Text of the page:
Mara calls a caucus of elected representatives in the Sacred Fire, one of the largest hulks in the reef of derelicts. The Fire was built to support habitat construction on 4 Vesta, where Mara hopes to one day anchor the entire flotilla and set down roots—but the hopeful, fearful faces before her make Mara afraid that it'll never happen. What if everyone runs off at the first hint of home? Having come so far, across worlds and eons, to see Earth again—how can she ask them to hold back now?
"We've found Humanity," she tells them. "We've found our ancestors."
The cheer of triumph and wonder thrills her to the marrow. Most of these Awoken are Distributary-born, raised on myths of Humanity and the Traveler. She has just opened the pages of their storybooks and conjured them to life.
"What remains of the Human species lives in a single settlement." She nods to Uldren, who snaps his fingers for footage. His ship's holographic perspective plunges through fluffy strata of clouds and mist, out into clear air. A lucid vista, a perfect instant: the white mountains, the city, and the enormous shattered sphere that hangs above it.
"Freeze," Uldren commands. "That is the Traveler."
As the crowd murmurs and thrills, Mara feels herself bridle. She doesn't like that thread of reverence. She doesn't like the Traveler looming there, almost but not quite completely dormant (like a dying heart ripped from its body and thrown into warm water, it ebbs and flutters if you look at it with the right sensors). If the Traveler had the power to protect anyone, wouldn't it protect more than one huddled settlement?
Esila, daughter of Sila, leaps up from the crowd, too small to make it on her own, but buoyed up by enthusiastic neighbors. "What are we waiting for?" she calls. "That's everything we came to find! They need us, and that's where we belong!"
Uldren and Mara trade glances. Uldren snaps his fingers, and the recording resumes.
Something moves in the treetops. The canopy roils and parts. A red-brown aircraft shaped like a fat, wingless, furiously angry dragonfly bursts from cover and climbs to intercept. Uldren's head-cued camera tracks the target, and Mara imagines his narrow grin as he waits for the other guy to make a move.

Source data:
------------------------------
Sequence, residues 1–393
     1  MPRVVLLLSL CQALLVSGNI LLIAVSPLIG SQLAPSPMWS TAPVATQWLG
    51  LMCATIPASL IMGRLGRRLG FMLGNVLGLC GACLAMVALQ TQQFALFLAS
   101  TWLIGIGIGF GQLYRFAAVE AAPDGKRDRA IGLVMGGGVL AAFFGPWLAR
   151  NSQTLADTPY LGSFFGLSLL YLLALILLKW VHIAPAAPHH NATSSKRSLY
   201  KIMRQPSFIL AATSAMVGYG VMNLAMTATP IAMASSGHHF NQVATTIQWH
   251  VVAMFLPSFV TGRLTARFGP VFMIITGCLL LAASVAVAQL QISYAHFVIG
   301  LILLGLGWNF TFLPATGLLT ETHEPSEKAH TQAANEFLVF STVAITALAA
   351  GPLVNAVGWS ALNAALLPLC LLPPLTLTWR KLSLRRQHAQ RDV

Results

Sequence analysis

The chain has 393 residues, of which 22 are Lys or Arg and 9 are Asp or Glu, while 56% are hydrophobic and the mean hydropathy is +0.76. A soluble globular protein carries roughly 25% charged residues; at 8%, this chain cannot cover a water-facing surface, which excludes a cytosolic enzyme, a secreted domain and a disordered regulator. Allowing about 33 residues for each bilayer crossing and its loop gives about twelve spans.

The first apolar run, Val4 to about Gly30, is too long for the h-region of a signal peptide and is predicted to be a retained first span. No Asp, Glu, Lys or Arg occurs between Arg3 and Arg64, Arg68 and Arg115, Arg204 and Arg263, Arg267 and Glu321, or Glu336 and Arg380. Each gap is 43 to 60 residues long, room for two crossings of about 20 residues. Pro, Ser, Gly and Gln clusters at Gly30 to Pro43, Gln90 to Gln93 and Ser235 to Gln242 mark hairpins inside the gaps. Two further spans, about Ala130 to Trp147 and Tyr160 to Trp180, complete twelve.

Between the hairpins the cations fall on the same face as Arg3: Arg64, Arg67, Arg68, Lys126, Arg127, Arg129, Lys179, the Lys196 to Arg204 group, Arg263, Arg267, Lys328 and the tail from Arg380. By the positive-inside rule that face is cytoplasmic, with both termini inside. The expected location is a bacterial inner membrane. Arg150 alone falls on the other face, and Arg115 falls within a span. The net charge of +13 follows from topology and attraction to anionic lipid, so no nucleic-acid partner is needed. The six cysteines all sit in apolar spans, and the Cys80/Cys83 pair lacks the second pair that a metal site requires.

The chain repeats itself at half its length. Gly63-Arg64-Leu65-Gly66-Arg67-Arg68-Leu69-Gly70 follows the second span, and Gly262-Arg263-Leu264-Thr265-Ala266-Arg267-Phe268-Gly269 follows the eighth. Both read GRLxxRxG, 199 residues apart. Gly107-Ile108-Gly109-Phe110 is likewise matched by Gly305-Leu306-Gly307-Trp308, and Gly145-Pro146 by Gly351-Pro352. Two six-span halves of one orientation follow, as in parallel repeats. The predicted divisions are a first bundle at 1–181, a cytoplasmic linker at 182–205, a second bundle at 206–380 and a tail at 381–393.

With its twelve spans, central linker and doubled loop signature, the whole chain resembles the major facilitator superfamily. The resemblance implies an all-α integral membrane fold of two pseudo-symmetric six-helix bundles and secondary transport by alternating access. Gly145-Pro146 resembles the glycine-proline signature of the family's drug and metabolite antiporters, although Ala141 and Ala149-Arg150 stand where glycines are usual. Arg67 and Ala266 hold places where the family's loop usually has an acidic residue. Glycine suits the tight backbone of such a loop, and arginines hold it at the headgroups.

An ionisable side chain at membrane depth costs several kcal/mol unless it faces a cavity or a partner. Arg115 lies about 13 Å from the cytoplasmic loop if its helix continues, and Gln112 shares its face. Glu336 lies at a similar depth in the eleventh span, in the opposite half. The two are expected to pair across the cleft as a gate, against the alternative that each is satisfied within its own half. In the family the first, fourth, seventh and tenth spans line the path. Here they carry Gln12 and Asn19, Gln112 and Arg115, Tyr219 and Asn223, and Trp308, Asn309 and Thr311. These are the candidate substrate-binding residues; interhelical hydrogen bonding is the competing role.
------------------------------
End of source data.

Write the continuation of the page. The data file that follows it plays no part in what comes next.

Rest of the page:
The dragonfly ship drops a brace of little needles, and they erupt into dirty orange flame and come arrowing after Uldren. Everyone in the caucus gets an earful of his grunts as he whips through a high-G turn and climbs away.
"Those are Fallen," Uldren says. "They're a species of interstellar scavengers and subsistence pirates. They've been here for a long time, and they've sacked most of the large settlements that survived the original fall of Humanity. There may be more Fallen than there are Humans left on Earth." He lifts his chin to bare the pale scar across his throat. "I landed and went looking for prisoners. I was ready when he pulled two knives on me, but it turned out he had an extra set of arms."
"Worse," Mara adds, beckoning for panes of deep-space passive sensor data, "they're all over the solar system. We've detected flotillas of their interstellar ships around Jupiter and Venus. They don't go near Mars, but only because it's under occupation by another alien species. Mercury is—well, you can see for yourself." Gasps of horror at the clockwork cinder, all that remains of the legendary garden world. "We believe this may be the work of the Vex, a machine species listed in Shipspire's threat index."
Esila, famed historian, puts voice to the plea in the crowd. "So they need our help, don't they? We have to go to them! Our ships, our technology—we could make all the difference."
"No." Mara collapses the projected images between her hands. She stayed up late wrestling with this dilemma, which kept her from wrestling with Sjur. It was a choice she had to make alone. "We can't reveal our existence, lest the Fallen track us down. We need more information. Our focus must remain on securing this derelict reef, bootstrapping industry and a population, and scouting out the solar system."
"Mara, with all my respect, all my genuine gratitude for bringing us here," Esila sighs, "who died and made you Queen?"
Mara says nothing. But she thinks: Everyone, Esila. All of us died and made me Queen.